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The circus is in town

Taylor Eisenman, of the Record staff

Lions and tigers and … preschoolers? Next Wednesday, Nov. 14, at 9 a.m., The Colby School will perform its circus at Park City Racquet Club.

Students have been preparing for the event for six weeks in their physical education classes, and as well as designing and painting murals for the show for three weeks with Colby’s artist in residence, Paul Jakubowski.

This is the second time Jakubowski has worked at the school, the first being seven years ago to create murals for the Olympics.

"It’s a job I really like," Jakubowski said. "I get to use my talents as a painter and muralist, as well as my talents working with children."

Jakubowski is working with every grade level to create 10 large panels to go on display at the circus. He started out by giving classes on drawing, design and painting before the students started on the murals.

"He’s got a real curriculum in place," Lindsay Wellman, Colby’s art teacher, said, "and he works with them through several steps so they have the tools they need to work on the murals."

Wellman said she has learned a great deal from watching Jakubowski and hopes that she’ll be able to do a similar project in the future.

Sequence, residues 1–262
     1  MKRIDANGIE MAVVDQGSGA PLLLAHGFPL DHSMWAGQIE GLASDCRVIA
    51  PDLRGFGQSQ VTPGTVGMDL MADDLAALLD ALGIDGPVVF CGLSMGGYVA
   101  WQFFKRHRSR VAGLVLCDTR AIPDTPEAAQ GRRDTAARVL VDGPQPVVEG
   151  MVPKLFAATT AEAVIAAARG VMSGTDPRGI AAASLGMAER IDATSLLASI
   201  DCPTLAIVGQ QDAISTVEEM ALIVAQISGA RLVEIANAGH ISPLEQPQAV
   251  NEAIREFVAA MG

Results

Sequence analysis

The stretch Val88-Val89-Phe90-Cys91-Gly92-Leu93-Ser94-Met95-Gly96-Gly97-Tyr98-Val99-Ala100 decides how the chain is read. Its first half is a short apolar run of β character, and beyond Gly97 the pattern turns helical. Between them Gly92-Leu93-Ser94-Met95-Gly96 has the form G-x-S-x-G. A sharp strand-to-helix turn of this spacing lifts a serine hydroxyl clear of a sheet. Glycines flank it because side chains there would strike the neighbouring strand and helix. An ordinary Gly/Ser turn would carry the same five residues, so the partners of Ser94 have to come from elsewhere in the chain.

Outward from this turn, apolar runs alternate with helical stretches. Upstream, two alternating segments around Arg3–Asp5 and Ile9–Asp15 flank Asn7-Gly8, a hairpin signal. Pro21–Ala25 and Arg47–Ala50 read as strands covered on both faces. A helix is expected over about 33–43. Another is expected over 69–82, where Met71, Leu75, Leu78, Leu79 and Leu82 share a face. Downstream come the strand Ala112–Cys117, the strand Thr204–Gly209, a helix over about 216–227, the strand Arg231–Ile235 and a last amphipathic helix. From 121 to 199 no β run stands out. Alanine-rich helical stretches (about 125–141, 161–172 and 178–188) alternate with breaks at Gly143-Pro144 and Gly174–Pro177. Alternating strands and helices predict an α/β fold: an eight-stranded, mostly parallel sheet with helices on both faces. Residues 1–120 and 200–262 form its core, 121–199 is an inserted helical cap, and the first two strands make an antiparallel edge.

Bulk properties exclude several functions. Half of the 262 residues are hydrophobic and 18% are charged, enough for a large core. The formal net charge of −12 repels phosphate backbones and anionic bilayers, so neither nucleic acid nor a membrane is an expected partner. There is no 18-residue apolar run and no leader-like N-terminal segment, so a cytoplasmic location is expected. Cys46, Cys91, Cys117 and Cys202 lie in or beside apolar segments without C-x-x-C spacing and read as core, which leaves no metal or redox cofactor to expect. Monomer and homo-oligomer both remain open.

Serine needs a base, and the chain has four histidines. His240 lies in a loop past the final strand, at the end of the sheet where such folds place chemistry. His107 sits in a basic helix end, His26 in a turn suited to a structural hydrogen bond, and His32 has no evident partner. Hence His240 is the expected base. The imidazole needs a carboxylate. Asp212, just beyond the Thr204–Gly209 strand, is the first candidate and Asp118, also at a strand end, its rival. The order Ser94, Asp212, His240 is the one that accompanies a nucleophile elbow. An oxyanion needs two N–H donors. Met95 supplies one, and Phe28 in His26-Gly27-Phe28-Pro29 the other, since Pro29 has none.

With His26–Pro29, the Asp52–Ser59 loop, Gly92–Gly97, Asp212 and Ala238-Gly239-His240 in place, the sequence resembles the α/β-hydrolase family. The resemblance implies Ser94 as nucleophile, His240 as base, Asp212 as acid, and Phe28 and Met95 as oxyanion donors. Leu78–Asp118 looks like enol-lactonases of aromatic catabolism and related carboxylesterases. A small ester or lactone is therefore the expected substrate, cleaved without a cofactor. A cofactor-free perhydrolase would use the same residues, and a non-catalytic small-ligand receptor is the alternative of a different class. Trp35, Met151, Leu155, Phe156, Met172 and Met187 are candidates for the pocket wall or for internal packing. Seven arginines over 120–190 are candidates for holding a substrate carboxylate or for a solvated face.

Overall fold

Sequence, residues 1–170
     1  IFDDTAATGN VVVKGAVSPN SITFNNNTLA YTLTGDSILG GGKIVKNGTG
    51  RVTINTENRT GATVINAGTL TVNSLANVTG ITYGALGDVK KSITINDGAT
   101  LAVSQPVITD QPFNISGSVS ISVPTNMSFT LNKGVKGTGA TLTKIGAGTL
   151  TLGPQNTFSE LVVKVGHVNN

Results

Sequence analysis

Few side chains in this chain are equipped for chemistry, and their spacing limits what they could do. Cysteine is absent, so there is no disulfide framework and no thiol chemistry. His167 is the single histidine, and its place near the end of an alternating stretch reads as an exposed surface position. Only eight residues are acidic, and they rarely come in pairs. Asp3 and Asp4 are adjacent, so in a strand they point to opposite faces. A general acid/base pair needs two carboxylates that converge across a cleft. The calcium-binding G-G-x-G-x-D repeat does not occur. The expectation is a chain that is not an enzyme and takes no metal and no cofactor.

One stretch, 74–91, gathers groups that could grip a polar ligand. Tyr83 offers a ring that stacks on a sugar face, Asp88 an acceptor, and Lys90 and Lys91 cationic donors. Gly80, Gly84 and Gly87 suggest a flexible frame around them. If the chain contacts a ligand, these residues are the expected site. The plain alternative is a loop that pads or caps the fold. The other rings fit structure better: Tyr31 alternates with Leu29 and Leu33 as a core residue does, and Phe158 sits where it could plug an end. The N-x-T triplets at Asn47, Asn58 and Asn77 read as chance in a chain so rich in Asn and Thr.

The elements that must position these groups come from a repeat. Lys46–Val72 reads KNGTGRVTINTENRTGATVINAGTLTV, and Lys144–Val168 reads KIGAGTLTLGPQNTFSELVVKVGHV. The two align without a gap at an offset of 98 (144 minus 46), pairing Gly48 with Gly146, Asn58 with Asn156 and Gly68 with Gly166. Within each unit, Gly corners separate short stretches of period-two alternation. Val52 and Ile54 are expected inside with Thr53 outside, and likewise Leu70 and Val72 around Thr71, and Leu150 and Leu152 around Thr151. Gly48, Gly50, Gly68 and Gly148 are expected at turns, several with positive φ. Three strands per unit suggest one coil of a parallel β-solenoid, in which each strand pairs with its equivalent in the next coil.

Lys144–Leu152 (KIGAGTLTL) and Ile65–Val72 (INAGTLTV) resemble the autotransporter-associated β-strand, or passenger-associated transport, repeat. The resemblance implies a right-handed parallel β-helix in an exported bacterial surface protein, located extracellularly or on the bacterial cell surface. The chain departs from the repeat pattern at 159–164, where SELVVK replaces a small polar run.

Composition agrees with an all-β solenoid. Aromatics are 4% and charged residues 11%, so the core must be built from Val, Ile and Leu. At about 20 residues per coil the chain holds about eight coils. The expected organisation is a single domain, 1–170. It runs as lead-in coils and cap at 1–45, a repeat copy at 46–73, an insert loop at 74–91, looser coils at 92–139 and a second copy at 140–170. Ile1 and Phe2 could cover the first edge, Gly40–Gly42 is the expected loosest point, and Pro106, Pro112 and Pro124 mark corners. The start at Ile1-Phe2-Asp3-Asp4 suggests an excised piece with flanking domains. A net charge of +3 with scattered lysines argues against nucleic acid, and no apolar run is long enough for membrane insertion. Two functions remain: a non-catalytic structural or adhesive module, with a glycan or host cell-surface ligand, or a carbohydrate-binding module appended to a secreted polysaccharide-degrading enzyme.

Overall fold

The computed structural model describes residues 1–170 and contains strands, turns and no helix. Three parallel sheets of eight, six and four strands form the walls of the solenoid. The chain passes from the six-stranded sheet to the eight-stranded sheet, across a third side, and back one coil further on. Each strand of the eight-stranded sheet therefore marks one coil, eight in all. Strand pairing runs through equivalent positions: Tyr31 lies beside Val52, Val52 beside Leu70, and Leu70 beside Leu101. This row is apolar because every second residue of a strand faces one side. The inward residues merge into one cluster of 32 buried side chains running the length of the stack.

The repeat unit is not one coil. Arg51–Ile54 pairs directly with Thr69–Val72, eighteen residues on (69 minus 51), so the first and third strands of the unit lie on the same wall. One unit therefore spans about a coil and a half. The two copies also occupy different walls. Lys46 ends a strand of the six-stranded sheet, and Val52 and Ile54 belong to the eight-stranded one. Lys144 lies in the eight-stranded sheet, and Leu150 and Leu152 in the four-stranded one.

"It’s such a neat opportunity for the kids to get to paint something this large," she said.

It is Wellman’s philosophy that the more you use your whole body in the process which happens when you’re painting large the better the experience and the more the children get out of it.

"It’s good to see the kids so excited," Jakubowski said. "It’s probably partly because they’re young and partly because they get to work on something so big."

Rita Hale, whose son Zach is a seventh-grader at Colby, volunteers in the art department every Wednesday. She said it is just so interesting to see how Jakubowski can really get the kids to do things and motivates all the ages.

Hale said she is amazed by the amount of progress the students make in just one day. "It’s quite a process," she said.

The 10 panels were designed to imitate the kinds of activities the students have been learning in PE and will be performing in the circus, Wellman said.

"It’s great for the kids," she said. "Because not only do they get to take what they’ve created to the circus, but the panels also help to integrate school subjects, which is something Colby always strives to do."

On the acrobatic side of the circus, Anne Goldberg, Colby’s PE teacher, has been transforming Colby students into stilt walkers, hoola hoopers, plate spinners and more.

"All the performances are connected to the PE curriculum," she said. "They’re working on strength, balance and agility."

As some students prepare for the circus, balancing on balls, practicing acrobatics and bouncing on pogo sticks in the gym, others are depicting those actions in the art barn. "It’s like controlled chaos," Jakubowski said, which seems like a good way to describe Colby’s upcoming circus.


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